Aspen Music Festival and School opens summer season |

Aspen Music Festival and School opens summer season

More than 600 of the most talented young musicians in the world gathered Tuesday morning in the Benedict Music Tent as the Aspen Music Festival and School celebrated its student convocation and began its 2017 season.

Students are beginning an intense eight-week summer of study and performance across the musical spectrum from strings to brass, composition to conducting, percussion to singing, and will perform in four orchestras alongside more than 100 guest artists including leading lights like Renee Fleming and Jonathan Biss.

This year’s class ranges in age from 11 to 36. It includes students from 36 states and 39 countries.

“I always love this day,” festival music director Robert Spano told students. “I love the beginning, the initiation of summer, the possibilities that lie before us, the energy it takes to start something.”

Music Festival president and CEO Alan Fletcher in a speech addressed the extreme challenges of pursuing a career in music. Noting that Leonardo da Vinci studied the lyre from age 14 onward and called it the most important pursuit of his life, Fletcher told the class of 2017 that their work this summer will enrich everything they do in their lives. Most of them, he acknowledged, will not end up in leading orchestras or becoming world-renowned soloists. Still, he argued, like Da Vinci, all they do beyond music will be powered by it.

“Are we doing the right thing by encouraging young people to study music, when the chances of a musical career are so slim and so difficult?” he asked.

Yes, Fletcher quickly answered.

“Success, when it comes, will almost certainly be something other than what you thought it was,” he told students.

He recounted the story of a 17-year-old student who came to study in Aspen with high hopes of becoming a concert pianist. She found the caliber of her play fell short of that standard, he said. But that student, Condolezza Rice, went on to become U.S. Secretary of State.

“We believe your choice to study music is a great choice, whether you end up as secretary of state or as the greatest genius in Western history or as a humble person,” Fletcher said.

The summer season is themed “Enchantment,” which Spano noted has more depth than students may initially think.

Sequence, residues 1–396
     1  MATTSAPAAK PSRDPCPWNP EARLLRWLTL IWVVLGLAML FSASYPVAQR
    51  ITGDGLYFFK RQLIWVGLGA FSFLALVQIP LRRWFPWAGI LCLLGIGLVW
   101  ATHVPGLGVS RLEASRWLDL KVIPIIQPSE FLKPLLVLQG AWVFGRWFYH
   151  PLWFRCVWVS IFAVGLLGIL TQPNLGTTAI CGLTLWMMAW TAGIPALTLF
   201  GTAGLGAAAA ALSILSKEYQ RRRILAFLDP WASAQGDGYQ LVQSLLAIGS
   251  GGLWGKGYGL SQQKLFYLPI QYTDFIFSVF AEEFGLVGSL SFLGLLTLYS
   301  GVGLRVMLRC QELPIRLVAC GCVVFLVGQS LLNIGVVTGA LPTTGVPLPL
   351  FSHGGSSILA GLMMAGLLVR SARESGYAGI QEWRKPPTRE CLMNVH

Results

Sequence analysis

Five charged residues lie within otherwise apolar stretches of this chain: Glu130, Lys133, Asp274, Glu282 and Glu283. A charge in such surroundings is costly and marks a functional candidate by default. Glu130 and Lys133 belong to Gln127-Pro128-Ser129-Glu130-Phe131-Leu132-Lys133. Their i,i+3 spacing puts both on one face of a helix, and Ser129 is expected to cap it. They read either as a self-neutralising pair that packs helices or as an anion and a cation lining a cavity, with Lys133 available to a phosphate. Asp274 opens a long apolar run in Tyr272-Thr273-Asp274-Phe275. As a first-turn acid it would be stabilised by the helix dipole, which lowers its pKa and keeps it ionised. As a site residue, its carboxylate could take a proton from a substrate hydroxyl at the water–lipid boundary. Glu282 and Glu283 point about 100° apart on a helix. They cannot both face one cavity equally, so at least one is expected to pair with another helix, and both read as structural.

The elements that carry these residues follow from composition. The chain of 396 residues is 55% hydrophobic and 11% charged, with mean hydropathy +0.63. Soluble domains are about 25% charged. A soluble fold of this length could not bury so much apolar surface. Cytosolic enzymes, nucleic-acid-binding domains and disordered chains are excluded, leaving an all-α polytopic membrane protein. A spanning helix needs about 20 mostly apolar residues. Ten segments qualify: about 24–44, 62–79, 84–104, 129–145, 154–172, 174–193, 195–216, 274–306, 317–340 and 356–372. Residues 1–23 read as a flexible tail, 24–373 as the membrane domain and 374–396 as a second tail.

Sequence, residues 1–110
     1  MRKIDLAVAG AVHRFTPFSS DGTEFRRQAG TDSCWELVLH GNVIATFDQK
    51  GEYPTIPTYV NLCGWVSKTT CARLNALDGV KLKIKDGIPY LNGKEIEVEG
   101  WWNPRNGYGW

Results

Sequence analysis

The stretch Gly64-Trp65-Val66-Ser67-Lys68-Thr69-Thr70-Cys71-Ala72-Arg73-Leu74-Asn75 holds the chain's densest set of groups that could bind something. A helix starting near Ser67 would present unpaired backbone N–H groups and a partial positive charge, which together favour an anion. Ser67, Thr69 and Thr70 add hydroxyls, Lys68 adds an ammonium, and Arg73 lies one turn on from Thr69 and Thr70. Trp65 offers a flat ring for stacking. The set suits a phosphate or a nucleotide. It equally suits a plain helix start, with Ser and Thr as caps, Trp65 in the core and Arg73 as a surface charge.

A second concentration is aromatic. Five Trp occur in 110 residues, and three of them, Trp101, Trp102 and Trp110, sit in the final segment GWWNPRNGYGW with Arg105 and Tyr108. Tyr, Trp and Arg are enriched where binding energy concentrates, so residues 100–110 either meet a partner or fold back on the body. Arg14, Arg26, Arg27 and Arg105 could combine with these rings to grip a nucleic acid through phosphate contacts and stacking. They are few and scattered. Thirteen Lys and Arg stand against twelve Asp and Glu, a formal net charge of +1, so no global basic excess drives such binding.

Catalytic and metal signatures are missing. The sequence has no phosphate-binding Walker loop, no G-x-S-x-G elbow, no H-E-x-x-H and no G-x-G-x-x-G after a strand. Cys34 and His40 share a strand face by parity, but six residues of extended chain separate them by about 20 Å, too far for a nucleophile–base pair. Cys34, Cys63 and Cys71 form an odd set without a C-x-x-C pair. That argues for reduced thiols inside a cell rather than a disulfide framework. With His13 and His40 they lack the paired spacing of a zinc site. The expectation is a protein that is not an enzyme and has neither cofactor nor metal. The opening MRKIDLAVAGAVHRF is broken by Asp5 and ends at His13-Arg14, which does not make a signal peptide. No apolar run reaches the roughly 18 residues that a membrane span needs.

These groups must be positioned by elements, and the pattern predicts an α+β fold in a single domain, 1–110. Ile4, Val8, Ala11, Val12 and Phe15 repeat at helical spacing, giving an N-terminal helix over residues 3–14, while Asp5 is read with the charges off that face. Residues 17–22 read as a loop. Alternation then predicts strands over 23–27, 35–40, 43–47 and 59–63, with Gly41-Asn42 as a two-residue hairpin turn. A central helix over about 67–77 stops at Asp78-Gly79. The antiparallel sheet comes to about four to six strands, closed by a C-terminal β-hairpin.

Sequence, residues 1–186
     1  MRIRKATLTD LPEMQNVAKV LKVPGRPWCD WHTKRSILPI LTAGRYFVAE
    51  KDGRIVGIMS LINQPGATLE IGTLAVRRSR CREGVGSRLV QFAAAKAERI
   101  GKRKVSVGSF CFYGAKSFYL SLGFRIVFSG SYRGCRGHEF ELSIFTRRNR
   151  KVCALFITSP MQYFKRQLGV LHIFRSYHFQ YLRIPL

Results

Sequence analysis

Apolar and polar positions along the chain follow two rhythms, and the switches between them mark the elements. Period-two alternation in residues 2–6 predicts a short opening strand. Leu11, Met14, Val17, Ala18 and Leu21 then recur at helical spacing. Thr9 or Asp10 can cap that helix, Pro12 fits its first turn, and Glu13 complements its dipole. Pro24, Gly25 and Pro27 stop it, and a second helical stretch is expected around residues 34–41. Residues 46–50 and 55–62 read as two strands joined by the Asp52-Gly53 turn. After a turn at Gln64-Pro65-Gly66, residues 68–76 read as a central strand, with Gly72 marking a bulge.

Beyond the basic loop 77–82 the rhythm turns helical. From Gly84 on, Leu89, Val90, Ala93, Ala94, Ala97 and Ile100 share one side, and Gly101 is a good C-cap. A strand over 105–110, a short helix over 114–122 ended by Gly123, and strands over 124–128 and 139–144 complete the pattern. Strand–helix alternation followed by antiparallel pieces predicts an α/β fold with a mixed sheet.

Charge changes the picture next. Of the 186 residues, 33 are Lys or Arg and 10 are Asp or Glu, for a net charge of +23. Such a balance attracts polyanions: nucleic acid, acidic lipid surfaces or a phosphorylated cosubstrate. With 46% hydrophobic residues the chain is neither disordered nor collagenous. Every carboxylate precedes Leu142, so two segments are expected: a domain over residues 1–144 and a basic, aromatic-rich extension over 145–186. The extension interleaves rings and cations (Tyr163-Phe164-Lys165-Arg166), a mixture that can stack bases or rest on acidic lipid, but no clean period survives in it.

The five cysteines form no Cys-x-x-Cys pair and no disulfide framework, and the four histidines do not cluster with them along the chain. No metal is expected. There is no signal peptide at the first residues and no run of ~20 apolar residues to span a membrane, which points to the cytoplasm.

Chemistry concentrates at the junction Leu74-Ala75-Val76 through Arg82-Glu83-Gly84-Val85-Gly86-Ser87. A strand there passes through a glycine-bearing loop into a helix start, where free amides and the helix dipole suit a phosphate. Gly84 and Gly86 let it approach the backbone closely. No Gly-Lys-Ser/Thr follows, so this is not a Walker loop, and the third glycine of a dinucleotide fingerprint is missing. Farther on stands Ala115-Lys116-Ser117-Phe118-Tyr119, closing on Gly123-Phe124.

“There is certain surface meaning to that that is appealing,” Spano said. “‘Some Enchanted Evening,’ the fact that Aspen is enchanting, we like to be enchanted by the Aspen experience. But then I started thinking about some of the darker themes of enchantment.”

He noted that the season closes with Berlioz’ “The Damnation of Faust,” in which evil is quite enchanting. Young people, he noted, may be enchanted by junk food, television or abusive behaviors. He encouraged his students to instead choose to be enchanted by creativity, music and beauty this summer: “I would suggest we all stay close to the flame that drew us herein the first place: this art.”

Aspen Mayor Steve Skadron also addressed the students, thanking them for expanding his musical horizons and encouraging them to make the most out of their time in Aspen. He also offered a gift to Fletcher: two oversized toy ears.

“Aspen loves having you here,” the mayor said.


The festival’s concert season opens Thursday with a Harris Concert Hall recital of Brahms, Dvorak and Mendelssohn by violinist Arnaud Sussmann with Aspen favorites David Finckel playing cello and Wu Han on piano.

The first Benedict Music Tent concert of the season Friday features Aspen alumni and rising star violinist Simone Porter performing Mozart’s third concerto with the Aspen Chamber Symphony.

Porter, 20, is returning to Aspen as a featured artist for the fourth time. She first came to Aspen ten years ago, as a violin student. She recalled being a student attending convocation and the excitement of her summers. Being on the other side, she said, and being the featured soloist in the first concert that the class of 2017 will see in the tent, is a humbling experience.

“It’s an absolute honor,” she said on Saturday, “and it’s utterly terrifying, because I have experienced it form the other side. … It’s nerve-racking in the best possibly ways.”

Her performance opens what the festival has dubbed “The Year of the Concerto,” a summer-long exploration of the form that will include concertos new and old. Among the high points are Jennifer Koh performing Anna Clyne’s “The Seamstress” (July 19), the world premiere of a new piano concerto by Fletcher performed by Inon Barnatan (july 30) and another premiere piano concerto by Matthew Ricketts (Aug. 9).

The Mozart concerto that Porter is performing – one of three he wrote before he was Porter’s age – is her favorite.

“It’s just sublimely operatic,” she said. “And it has all of the narrative arcs and drama and expressive depth and range of an opera, which is why I love it so much.”

The season’s first Aspen Festival Orchestra concert, on Sunday at the Benedict, will feature Mozart’s ninth piano concerto – featuring Garrick Ohlson – and Mahler’s first symphony.

Spano, who will conduct Sunday, said Mahler’s symphony is an ideal, if ambitious, way to start the symphony season.

“I was thinking how great it is that we’re starting with Mahler,” Spano said Saturday, following his first workshop with the Aspen Conducting Academy. “The skills that go into being a great orchestra are demanded by that music, but also invited. He knows how to make everything work. There’s something, in terms of setting up the summer, that is great about starting this way.”

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